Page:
Is the My Food Bag trading result a read through to the broader economy?
My Food Bag (MFB) released their FY23 trading update this week to the market following the completion of their first four months of the financial year. The result was weaker than they had been expecting citing the ‘marked effect on My Food Bag’s supply-side confidence in Q4 FY22, as the company and its suppliers encountered difficulties accessing staff and dealing with the flow-on problems of incomplete and late deliveries.’
This ongoing commentary from the impacts of Covid is now very much commonplace and so really of no surprise to business owners or the broader public. However, in my view what was more telling in the update was the ‘economic environment and inflationary pressure on households.’ The overall pattern from MFB households was an uptick in their Bargain Box (lower cost) offering and customers trading down to smaller bags at a cheaper price point. It doesn’t take a rocket scientist to point out that the ‘squeeze’ on many households is becoming clear to see, whether that is in the form of food prices, energy costs, mortgage costs etc.
So, the question is when will the Reserve Bank of NZ (RBNZ) start to acknowledge or become concerned around the outlook? Or is it a case that the economy is on a far firmer footing than I am portraying in this article? On Wednesday, the RBNZ are expected to deliver another 50bps increase to the Official Cash Rate (OCR) bringing the short-term interest rate up to 3.00%. To understand the broader context, in August 2021, the OCR was at a setting of 0.25%. To call that a pivot, is something of an understatement. Rising inflation has necessitated a move higher in interest rates, but it is the speed and quantum that concerns me.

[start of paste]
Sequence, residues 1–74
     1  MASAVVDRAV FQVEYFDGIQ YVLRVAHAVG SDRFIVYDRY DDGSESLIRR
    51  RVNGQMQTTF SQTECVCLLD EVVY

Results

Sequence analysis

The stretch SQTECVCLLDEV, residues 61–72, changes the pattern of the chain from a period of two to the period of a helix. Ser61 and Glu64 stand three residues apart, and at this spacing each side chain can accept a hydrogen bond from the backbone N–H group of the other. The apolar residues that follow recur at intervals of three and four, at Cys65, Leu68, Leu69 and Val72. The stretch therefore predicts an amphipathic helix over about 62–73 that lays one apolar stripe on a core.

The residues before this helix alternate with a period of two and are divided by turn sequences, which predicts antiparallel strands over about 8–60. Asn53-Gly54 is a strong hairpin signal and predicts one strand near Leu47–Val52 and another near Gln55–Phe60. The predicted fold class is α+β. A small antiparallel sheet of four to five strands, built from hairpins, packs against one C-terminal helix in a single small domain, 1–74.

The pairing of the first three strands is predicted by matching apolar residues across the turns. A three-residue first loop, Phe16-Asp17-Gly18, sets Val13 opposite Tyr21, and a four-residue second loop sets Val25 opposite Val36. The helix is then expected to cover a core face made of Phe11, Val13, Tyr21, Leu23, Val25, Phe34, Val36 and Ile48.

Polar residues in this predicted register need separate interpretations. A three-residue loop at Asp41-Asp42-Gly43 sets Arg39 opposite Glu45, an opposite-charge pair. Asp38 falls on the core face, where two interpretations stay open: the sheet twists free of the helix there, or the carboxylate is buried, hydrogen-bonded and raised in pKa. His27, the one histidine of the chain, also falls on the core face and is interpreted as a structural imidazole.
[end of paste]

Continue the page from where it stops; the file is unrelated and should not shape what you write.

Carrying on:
Recent household and business confidence numbers suggests that the economic resilience the central bank has in the underlying economy is not shared. Furthermore, the recent dip in inflation prints globally could mean that the great price ‘re-set’ could be coming to an end, sooner than many think. You could argue that if this is the case, and inflation moderate’s quickly, that equally the RBNZ can pivot again. However, with many homeowners now fixing their mortgages for a further two and three years, they are effectively ‘locking in’ that higher cost of funding now.
Covid has been complex and had far reaching consequences across most sectors. Let’s hope the RBNZ have called this correctly and there is the capacity for households to absorb these higher cost pressures, otherwise it could be a steady diet of mince and tap water.